Competitive markets are efficient because the equilibrium reflect productive efficiency and allocative efficiency.
Productive efficiency is achieved because competition forces producers to use the best technologies and combinations of resources to minimize costs.
Allocative efficiency is achieved because the correct quantity of production in produced relative to other goods and services.
The way to see why the equilibrium quantity is the correct quantity is based on analysis of consumer and producer surplus. Only at the equilibrium quantity does society achieve the maximum of total consumer surplus ( abc ) and producer surplus ( bcd ). Geometrically, producing the equilibrium quantity maximizes the combined area between demand curve and supply curve abd.
Quantities ( Q ' ) below the equilibrium quantity ( Q* ) are inefficient. The market suffers and underproduction and is illustrated in the graph below. The maximum willingness to pay on the demand curve up to the equilibrium quantity exceeds the corresponding minimum acceptable price on the supply curve. Thus, each of these units of production adds a positive amount to the total of consumer and producer surplus. By failing to produce these units society suffers a loss of net benefits ( bef ).
Quantities ( Q ' ) beyond the equilibrium quantity ( Q* ) are inefficient. The market suffers an overproduction and is illustrated in the graph below. The maximum willingness to pay on the demand curve beyond the equilibrium quantity is less than the corresponding minimum acceptable price on the supply curve. Thus, each of these units of production adds a negative amount to the total of consumer and producer surplus. Such production is uneconomical and creates an efficiency loss for society ( bef ).
Zoning laws is justified because it eliminates over-use of certain lands. Plants that emit pollution are supposed to be located downstream and far from farms so that the pollution will not pollute water and crops. Without the zoning law, plants will not take pollution in account and tend to use lands regardless of their location. External costs can be prevented by the zoning law. Zoning law eliminates the potential impropriate use of certain lands.
Fire prevention equipment provides external benefit to neighbors. The household that install the equipment not only benefit himself from reducing risk of fair, but also provides safety for neighbors. With tax breaks government is making subsidy to household who installs the equipment. The tax breaks make the price of equipment cheaper and increase the demand. As a result, the equilibrium quantity increases to the optimal level.
Consumption of beer has potential negative externalities such as higher risk of traffic accidents, less efficiency on job, higher risk of crime, etc. The excise taxes on beer raises the price and reduces demand. As a result, the equilibrium quantity demanded decreases to the optimal level.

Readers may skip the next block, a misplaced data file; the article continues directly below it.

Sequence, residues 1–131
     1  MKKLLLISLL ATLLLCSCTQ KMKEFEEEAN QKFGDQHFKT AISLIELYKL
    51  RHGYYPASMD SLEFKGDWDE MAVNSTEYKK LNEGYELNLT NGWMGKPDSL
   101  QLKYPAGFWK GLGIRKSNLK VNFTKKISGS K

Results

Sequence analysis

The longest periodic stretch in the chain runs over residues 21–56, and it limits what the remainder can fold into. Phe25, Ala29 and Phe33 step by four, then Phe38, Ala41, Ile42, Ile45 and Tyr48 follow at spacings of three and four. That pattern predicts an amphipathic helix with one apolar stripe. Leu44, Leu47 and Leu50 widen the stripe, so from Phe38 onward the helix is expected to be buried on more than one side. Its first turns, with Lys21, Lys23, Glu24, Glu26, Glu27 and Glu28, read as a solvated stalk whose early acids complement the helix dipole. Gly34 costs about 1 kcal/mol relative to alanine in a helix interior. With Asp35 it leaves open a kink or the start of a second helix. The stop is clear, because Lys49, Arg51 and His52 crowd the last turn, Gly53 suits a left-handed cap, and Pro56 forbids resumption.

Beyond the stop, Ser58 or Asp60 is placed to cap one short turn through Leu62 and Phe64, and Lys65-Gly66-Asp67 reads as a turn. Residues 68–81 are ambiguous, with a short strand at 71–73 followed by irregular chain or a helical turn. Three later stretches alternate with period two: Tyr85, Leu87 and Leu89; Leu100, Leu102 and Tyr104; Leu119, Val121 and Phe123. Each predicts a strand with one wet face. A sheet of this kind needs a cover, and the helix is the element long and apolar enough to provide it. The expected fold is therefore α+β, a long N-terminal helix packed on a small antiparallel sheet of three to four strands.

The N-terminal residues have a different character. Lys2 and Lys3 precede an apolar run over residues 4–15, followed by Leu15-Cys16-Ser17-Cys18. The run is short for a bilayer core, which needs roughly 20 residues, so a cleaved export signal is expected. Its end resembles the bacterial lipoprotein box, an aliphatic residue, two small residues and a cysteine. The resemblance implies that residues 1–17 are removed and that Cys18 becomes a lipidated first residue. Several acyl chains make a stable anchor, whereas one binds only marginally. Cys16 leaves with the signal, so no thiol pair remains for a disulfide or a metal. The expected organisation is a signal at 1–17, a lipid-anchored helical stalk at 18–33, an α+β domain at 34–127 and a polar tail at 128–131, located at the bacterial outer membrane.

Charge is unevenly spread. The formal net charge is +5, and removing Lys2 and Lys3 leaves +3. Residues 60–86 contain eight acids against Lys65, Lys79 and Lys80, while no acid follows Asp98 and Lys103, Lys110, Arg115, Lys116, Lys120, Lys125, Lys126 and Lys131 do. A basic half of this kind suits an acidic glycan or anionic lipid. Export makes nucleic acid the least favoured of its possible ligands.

The two characteristics of public goods are non-rivalry and non-excludability.
Non-rivalry means that the consumption of the good by one consumer does not decrease the availability of the good to other consumers. Consider the street lights. One consumer's use of street lights does not decrease others' use.
Non-excludability means that it is impossible to withhold any consumers who do not pay for a product from consuming the good. Consider national defense. It is impossible to exclude someone from the benefit of national defense.
When private provision happens the good is rivalry and excludable. When Adams purchases and drinks a bottle of water, it is not available for Benson to purchase and consume. Thus, the significance of rivalry is much higher for private provision than for public provision. Only people who are willing and able to pay the market price for bottles of water can obtain these drinks; thus, the significance of excludability is much higher for private provision than for public provision.
Free rider problem means that once a producer has provided a public good, everyone, including non-payers, can obtain the benefit. Non-excludability means that there is no way for producers to withhold the good from the free riders without also denying it to the few who do pay. Thus, if society wants public good it will have to direct government to produce it.
U.S. border control is a public good, because it is non-rivalry and non-excludable. One person's safety brought by the border control does not decrease the safety available to others; it is impossible to withhold someone in the U.S. from obtaining the benefit of U.S. border control.
Satellite TV is a quasi-public good. It is non-rivalry - one consumer's consumption does not affect the availability of Satellite TV to others. It is excludable - by charging a price, providers of satellite TV can exclude consumers who is not willing to pay the price.